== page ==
One day, 24 hours, 1,440 minutes, no media. That’s right, no television, movies, social networks, online browsing, newspaper reading, or listening to music. Do you think you could do it?

            Last Sunday, yes “Super Bowl Sunday”, I gave up media for a full day. As part of a class assignment we were instructed to choose any day and give up media. While doing so we were asked to keep a journal logging out media activity for one day and our thoughts while giving up media on another day. Many students in the class struggled to get through this assignment and were appalled by the idea of going a whole day without media. Instead, I was really looking forward to a media free day.

            I’m not very “plugged in” when it comes to media; I don’t have cable, I deleted most social media apps off of my phone, and movies are reserved for weekends in my world. However, after keeping track of my media use for the day I was actually surprised by how often I turn to media throughout the day. Looking through my log I was actually a little disappointed in my media use. I’m not by any means lazy or a couch potato; I didn’t just sit around watching Netflix lying in bed, but I would often multi-task with music on, an episode of Friends, or take a break to scroll through Pinterest. That may not seem like excessive media use, but I was surprised at how often I would use media throughout the day.

            So how did I survive my media free day? It was actually a very productive and enjoyable day. No music, television, news, social media; I was free to relax, enjoy peace and quiet, and catch up on work. Spending the day away from all of the chaos of media gave me a chance to reflect on the role that media plays in our lives; we rely on it all too often.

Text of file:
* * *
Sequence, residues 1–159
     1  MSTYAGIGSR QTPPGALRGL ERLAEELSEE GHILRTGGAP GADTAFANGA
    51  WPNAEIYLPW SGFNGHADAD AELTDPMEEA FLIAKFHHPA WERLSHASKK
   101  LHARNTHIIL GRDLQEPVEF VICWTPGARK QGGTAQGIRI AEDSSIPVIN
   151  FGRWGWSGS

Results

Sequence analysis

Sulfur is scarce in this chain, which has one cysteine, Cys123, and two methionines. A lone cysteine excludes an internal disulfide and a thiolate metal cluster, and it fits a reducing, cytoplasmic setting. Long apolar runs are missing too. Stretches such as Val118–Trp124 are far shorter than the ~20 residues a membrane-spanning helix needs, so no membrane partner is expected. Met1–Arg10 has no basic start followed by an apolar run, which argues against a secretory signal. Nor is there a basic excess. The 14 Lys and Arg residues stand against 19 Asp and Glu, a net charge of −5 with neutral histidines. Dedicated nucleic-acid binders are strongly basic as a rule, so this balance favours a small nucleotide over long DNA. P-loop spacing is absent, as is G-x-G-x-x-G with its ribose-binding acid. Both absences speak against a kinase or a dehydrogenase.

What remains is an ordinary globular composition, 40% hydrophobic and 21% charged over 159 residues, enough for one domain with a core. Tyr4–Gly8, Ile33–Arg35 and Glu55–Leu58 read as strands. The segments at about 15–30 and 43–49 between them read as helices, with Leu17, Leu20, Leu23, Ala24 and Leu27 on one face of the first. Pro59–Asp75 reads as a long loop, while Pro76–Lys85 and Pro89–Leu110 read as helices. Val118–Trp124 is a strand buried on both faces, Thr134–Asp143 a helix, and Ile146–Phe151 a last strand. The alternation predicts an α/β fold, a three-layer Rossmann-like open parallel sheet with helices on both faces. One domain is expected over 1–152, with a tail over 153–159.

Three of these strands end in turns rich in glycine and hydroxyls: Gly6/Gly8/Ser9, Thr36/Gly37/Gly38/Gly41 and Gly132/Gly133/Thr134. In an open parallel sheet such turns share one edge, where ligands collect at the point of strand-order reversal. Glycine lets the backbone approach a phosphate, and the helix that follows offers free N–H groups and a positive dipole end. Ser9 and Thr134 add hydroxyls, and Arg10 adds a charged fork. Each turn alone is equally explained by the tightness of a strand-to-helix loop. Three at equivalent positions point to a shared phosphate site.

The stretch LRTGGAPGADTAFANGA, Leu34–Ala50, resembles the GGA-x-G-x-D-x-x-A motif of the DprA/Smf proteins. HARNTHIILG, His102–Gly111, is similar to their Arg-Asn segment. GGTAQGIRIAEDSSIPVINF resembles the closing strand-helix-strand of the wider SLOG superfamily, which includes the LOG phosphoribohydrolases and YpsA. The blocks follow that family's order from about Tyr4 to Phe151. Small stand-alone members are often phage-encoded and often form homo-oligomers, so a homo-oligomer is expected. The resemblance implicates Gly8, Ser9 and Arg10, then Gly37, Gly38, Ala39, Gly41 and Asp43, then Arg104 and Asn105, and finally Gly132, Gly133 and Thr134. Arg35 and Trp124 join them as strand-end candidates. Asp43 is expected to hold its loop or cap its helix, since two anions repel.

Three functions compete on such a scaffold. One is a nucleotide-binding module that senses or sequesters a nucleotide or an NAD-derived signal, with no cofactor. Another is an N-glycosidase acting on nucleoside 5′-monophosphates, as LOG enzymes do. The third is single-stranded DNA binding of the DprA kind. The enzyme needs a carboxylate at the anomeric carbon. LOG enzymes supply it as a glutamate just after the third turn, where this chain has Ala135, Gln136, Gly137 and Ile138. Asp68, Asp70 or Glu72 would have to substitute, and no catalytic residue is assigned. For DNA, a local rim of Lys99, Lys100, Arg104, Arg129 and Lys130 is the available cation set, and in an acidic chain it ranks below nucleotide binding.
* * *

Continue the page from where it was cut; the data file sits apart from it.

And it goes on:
Media may serve a great purpose in our lives but it also has the power to tear people down, spread rumors, shape our beliefs, and form new social norms or expectations. I appreciate all that media has contributed to the world; we use it for education, to keep in touch with loved ones, and to try new things. It is important that we use media wisely and become more aware of the ways we let it influence our lives.

            Since my day of ‘media deprivation’ I have cut back on my media use and I have felt so great. Not everyone is addicted to media and regardless of how ‘unplugged’ you may be, I think we could all benefit from some time free of media. There are so many things that consume society wether it be media, material items, food, work, laziness, etc. (An Experiment in Growth**). My challenge to all of you is to take at least one day to eliminate media from your life. Use it as time to catch up with friends and family, enjoy being outside, relax, or do some housework. I promise you will walk away from this day feeling relaxed. Take the challenge and try to make a positive change in your life.

**Traci’s article An Experiment in Growth talks about cutting back on the things that we take for granted to grow in our everyday lives and be more appreciative of the things we already have.

Taylor Cannon

Taylor was born in San Diego and grew up in Kearney, NE. From a young age Taylor has been environmentally cautious and concerned about social justice. She recently graduated from Nebraska Wesleyan University in Lincoln. Taylor has a passion for photography and volunteering. She hopes to encourage others to take action and become involved in both their local and global communities. Learn more about Taylor's photography at her facebook page: